Friday, March 2, 2012

A Letter from a Union Soldier Describing Contrabands

 A Letter from a Union Soldier Describing Contrabands Published in a Northern Paper

On the 2st inst., one of our sentinels thought he heard a cry for help floating down from far up the river: 'come and get us!" was the rude, faint voice that came from more than two miles across the water from an island of mud and rank grass. From the ramparts of the fort we discovered an object which proved to be a pole holding up a towel raised by the suffering wanderers. A boat was dispatched which brought in three besmeared starving colored men. These reported more men and three women in a similar situation further up the river. A second boat was sent out, which after hours of search, venturing close to the enemy's lines, rescued the periled and destitute company. These refugees were a spectacle--almost naked, the women having only little miserable skirts that reached to their knees, besmeared with mud, as one said,, "boggy as de bog eself,' famished and almost entirely exhausted.

For nine weary days and fearful nights they had been feeling their perilous way from the slave pens, twelve miles beyond Savannah, through the rebel bivouacs and lines, wading through swamps, skulking through forests, and swimming three rivers, the women clinging to the necks of the men, floundering across the mud islands, as they said, "like de alligators," till they discovered the dear tars and stripes floating over fort Pulaski.

The original party consisted of twelve; four gave out on the way. The famished but persevering eight were consuming their last morsel of food when they descried our garrison flag. One of them said," when I seed that flag, it fill me right up." What a compliment from the human soul to our standard! How unspeakably sweet is the thought of liberty! Tell us not that the slave is indifferent to freedom.

But miles of distance and the swift flowing Savannah still divided them from help and safety. The wind baffled their uplifted voices. Another night of hunger, nakedness, and peril, was before them on their island of mud, where they mired to their waists. Before the sun went down they saw a steamer visit the fort, and hoping they had been heard, looked longingly for her to come up the river after them, but when they saw her leave the fort and disappear from view on her way towards Port Royal, their hearts egan to fail them: one remarked, "when I seed de steamboat go way, my heart go down to de bottom of my foot." But the calm of the following morning allowed their cry of freedom to reach our ears and their rude stick an little towel attracted our eyes.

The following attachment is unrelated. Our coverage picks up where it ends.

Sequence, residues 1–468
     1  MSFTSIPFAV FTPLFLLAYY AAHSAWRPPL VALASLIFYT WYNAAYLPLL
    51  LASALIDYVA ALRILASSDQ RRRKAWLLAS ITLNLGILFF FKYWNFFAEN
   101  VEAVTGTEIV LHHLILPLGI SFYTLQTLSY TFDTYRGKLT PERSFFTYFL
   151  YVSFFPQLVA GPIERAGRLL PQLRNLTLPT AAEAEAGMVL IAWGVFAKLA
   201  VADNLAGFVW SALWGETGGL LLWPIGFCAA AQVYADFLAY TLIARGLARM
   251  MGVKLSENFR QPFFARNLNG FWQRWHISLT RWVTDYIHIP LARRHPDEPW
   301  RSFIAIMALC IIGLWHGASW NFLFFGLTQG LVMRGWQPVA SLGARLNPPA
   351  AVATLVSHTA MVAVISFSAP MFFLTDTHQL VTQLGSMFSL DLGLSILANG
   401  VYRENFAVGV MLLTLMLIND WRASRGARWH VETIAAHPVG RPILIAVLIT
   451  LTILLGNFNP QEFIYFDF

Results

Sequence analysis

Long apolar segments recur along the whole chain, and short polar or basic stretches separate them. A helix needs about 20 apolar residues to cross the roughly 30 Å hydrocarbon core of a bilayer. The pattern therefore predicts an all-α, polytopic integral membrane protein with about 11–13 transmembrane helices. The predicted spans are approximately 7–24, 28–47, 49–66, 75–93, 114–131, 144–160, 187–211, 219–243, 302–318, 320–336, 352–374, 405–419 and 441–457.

A group of photographs show slave children who were released by Union troops. Two of these show a brother and sister who were freed from their owner, Thomas White of Mathews County, Virginia, by Captain Riley of the 6th U. S. 0.1. on February 20, 1864, and taken to the Society of Friends in Philadelphia to be educated at the Orphan’s Shelter. The cartes-de-visite were sold to raise funds to educate the children. The captions on the photographs explain that the children’s mother had been “beaten, branded and sold at auction because she was kind to Union Soldiers.” She had been taken away to be sold in Richmond only seven days before the children were freed. Their story, when placed next to the Pywell photograph, puts the pain of the slave market into chilling perspective.

Pitiable yet unutterably happy creatures they were when they reached our garrison. One moment's view of them and interview with them would have melted the most obdurate of "copperheads." They had been working for the confederate government and a little corn bread daily was their whole compensation. As we handed to one of them a loaf of bread, he ejaculated, "Gorry, Massa, dat be work two or free dollar in Sawannna." In almost every sentence they would exclaim, "Tank the Lord, we get away."--Letter from Fort Pulaski (source:

--"Touching Story of Contrabands," The Worcester Daily Spy, April 8, 1864

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